We’re told to say “yes” like Mary, aren’t we? True, but sometimes saying “yes” to God means saying “no” to people’s requests.
During Covid, many of us did very little outside our own homes. Gatherings were cancelled and even grocery shopping was minimized. Now that things have opened up, we may face a familiar old problem: saying “yes” to good things that fill up our schedule. Which can give us anxiety that we have too much to do — and not enough time for ourselves or for God.
In The Book of No, authors Susan Newman and Cristina Schreil help clarify when “yes” is not necessarily the right answer to “Can you….?”
It’s usually not a sin to pause before answering a request. In fact, pausing or delaying our response until the next day is our chance to check in with God to see what He wants. Ask that the request be emailed, to be sure you understand what’s involved. Newman and Schreil suggest this list of questions to ask before jumping to “yes:”
Do I have the time?
What will I have to give up to do this?
Will I feel pressured to get it done?
Will I be upset with myself after saying yes?
Will I resent the person asking?
Will I feel duped, had, or coerced?
What am I agreeing to? What’s the gain?
Checking in with God
If you have a decent prayer life, you likely have a good idea what God is asking of you. It’s worth taking the time to consider whether a request fits in with your “core mission.” For example, if your mission is motherhood, you’ll consider first what your children need from you. Or if your mission is writing, you may think twice about heading up a fundraising gala that would take you away from your desk for a year.
Charles Stone, a pastor (charlesstone.com), shares ways to gracefully say “no.” Here are two:
- Say “no” without using the word “no.”
To soften your response, use phrases like, “I’m sorry, but that won’t work for me right now,” or “My schedule won’t permit it now. But thanks for thinking of me.”
That last one, “My schedule won’t permit it,” requires some ground work on our part. I learned from Michael Hyatt (michaelhyatt.com) and David Allen (see Getting Things Done below) that if I put soul-food (prayer, exercise, reading) on my calendar first, it won’t get clogged by other demands. I’m learning slowly to “schedule what’s important first,” and let everything else fill in around the important stuff. We can’t help anyone if we are spiritually weak: prayer, exercise, and reading are “must-have’s” if we want to serve God well.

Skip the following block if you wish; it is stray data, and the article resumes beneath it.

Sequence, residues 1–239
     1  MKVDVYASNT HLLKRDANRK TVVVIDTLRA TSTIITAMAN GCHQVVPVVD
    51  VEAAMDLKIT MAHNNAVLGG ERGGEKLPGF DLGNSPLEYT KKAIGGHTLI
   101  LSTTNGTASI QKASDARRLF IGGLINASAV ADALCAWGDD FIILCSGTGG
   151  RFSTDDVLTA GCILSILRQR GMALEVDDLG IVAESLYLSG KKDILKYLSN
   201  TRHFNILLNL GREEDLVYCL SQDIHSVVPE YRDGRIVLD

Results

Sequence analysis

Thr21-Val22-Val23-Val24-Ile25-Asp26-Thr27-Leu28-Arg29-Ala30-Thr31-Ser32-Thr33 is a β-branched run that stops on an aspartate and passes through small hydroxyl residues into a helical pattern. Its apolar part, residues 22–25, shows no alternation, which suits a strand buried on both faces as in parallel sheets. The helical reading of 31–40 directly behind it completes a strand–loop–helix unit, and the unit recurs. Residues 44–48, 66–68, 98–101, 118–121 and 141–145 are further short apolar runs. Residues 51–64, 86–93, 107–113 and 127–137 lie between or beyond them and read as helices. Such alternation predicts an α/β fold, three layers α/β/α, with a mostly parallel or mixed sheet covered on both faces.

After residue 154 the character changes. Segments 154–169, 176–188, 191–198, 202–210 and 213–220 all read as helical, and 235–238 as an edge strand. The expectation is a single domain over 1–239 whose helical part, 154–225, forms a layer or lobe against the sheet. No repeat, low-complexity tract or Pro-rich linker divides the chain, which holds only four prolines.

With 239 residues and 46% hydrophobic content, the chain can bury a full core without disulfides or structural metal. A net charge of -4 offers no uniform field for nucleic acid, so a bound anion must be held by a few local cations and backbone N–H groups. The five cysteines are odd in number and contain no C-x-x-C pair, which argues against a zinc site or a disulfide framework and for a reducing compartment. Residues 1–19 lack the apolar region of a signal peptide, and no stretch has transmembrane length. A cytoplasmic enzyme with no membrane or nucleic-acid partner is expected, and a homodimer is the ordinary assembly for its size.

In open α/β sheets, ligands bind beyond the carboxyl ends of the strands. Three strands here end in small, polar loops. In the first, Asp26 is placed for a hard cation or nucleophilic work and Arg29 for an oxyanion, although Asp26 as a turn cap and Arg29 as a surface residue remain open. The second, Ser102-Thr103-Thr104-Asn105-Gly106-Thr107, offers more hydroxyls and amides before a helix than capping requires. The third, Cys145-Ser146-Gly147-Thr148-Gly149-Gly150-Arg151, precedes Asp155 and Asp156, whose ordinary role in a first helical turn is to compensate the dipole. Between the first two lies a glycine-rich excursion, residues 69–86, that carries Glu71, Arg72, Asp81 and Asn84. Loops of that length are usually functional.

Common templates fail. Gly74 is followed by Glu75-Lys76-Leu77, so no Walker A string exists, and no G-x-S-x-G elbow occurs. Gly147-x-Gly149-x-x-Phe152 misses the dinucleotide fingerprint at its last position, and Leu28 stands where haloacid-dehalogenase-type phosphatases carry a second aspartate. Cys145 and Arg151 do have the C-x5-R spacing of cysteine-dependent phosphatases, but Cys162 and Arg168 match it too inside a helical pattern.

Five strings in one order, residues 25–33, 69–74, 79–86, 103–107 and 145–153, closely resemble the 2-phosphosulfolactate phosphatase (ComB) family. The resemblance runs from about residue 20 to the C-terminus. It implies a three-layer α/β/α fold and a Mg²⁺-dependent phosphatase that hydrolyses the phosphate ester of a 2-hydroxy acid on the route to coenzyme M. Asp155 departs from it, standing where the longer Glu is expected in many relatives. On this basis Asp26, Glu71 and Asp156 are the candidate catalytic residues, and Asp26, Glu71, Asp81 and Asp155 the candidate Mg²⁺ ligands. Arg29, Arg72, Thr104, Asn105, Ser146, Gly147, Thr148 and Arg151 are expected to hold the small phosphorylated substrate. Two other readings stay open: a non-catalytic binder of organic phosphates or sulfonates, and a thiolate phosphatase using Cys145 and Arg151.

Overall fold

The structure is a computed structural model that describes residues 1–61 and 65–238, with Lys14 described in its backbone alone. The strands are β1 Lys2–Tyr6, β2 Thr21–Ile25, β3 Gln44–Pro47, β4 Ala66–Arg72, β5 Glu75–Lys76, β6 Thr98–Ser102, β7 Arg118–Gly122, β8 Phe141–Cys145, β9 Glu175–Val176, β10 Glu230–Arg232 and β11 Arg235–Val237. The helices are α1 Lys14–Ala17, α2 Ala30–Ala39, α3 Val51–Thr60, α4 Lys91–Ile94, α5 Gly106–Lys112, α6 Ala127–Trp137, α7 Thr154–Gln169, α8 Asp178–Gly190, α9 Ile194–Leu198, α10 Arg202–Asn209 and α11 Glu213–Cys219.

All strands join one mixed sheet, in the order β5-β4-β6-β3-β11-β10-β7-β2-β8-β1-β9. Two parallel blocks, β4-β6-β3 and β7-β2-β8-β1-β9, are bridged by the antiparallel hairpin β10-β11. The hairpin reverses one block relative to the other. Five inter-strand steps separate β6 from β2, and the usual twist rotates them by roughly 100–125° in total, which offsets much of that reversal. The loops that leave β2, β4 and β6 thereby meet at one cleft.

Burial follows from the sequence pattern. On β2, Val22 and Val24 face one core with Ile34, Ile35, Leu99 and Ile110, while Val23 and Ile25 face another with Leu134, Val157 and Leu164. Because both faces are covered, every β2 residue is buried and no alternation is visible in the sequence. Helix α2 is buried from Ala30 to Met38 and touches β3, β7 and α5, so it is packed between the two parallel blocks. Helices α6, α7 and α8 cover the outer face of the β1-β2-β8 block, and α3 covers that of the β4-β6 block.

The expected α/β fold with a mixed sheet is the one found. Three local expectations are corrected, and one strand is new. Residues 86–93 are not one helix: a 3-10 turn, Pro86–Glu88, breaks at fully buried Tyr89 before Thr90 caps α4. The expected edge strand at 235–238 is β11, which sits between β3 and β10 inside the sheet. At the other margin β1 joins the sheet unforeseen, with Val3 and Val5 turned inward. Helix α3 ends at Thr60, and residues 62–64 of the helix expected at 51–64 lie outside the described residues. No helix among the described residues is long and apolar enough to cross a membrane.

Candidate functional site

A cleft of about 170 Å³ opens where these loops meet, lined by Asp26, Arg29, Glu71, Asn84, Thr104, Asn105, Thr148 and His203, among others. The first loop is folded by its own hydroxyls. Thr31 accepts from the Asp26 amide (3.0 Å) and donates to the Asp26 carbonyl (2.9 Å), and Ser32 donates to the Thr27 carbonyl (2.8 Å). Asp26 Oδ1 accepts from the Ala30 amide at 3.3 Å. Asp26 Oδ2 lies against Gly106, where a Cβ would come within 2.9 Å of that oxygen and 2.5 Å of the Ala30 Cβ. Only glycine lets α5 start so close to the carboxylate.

- Simply and kindly say “no,” and if possible explain why.
I’m not sure I agree with explaining, because some requestors will just argue (remember the Garden of Eden?) Stone adds that “no may feel awkward, but that uncomfortable emotion will quickly pass. However, if you say yes when you should have said no, the feelings of regret last much longer and take a much greater toll.”
In his book Essentialism: The Disciplined Pursuit of Less, Greg McKeown ties a thoughtful no to the virtue of courage. Courage is doing something scary because it’s the right thing to do. And saying no can be scary! Thinking of no as a display of courage can help us turn down offers if, after checking in with God, we know it’s not for us.
After all, Mary’s life was not all yes – she had to say no to the devil, and to anything that would lead her, out of fear or weakness, away from what God wants. To put it another way, if we put our effort into to saying yes to God, the no’s will fall away of their own weight.
The business of this life should not preoccupy us with its anxiety and pride,
so that we no longer strive with all the love of our heart to be like our Redeemer,
and to follow his example. — Pope St. Leo the Great
Scroll down and share a time when you had the courage to say no to a good thing because you believed that was the right thing to do. And if you need a little help saying no, pick up one of the books below!
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The Book of No: 365 Ways to Say it and Mean it
Getting Things Done by David Allen
We can’t say “no” until we’re clear what God’s asking us to say “yes” to. Getting Things Done isn’t a religious book, but I’ve found it extremely valuable for getting my prayer life on track by putting on my calendar first what’s most important.
Talk about clarity! The author of Essentialism makes prioritizing (and letting the rest go) breathtakingly simple. I’m about to dive into it for the second time.